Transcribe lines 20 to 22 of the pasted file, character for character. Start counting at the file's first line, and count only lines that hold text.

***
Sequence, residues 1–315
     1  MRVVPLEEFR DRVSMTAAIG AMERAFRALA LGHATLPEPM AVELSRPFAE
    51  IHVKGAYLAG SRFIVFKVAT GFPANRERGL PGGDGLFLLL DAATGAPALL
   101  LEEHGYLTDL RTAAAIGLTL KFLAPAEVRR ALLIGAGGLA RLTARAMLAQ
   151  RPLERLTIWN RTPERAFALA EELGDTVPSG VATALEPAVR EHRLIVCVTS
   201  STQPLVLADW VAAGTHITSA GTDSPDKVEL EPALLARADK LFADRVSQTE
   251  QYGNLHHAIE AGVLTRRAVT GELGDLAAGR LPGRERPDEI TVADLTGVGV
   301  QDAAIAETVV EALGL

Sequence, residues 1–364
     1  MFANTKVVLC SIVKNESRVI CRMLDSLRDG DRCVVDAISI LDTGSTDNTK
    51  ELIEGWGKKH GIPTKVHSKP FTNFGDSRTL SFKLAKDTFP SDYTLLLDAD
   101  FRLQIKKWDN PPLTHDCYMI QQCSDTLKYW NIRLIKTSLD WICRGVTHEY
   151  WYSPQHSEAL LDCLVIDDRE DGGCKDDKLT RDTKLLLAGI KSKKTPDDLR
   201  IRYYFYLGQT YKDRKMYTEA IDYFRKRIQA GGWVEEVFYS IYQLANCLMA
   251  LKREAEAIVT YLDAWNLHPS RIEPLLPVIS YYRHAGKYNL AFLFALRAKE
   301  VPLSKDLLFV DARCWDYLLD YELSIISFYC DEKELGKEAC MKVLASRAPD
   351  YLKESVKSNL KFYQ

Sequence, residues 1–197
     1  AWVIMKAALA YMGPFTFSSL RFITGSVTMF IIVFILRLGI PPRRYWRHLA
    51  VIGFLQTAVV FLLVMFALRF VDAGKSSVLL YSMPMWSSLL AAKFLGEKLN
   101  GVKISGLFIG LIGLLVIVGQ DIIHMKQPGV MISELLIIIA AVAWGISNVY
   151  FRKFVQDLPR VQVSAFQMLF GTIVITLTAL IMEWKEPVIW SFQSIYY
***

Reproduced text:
    51  VIGFLQTAVV FLLVMFALRF VDAGKSSVLL YSMPMWSSLL AAKFLGEKLN
   101  GVKISGLFIG LIGLLVIVGQ DIIHMKQPGV MISELLIIIA AVAWGISNVY
   151  FRKFVQDLPR VQVSAFQMLF GTIVITLTAL IMEWKEPVIW SFQSIYY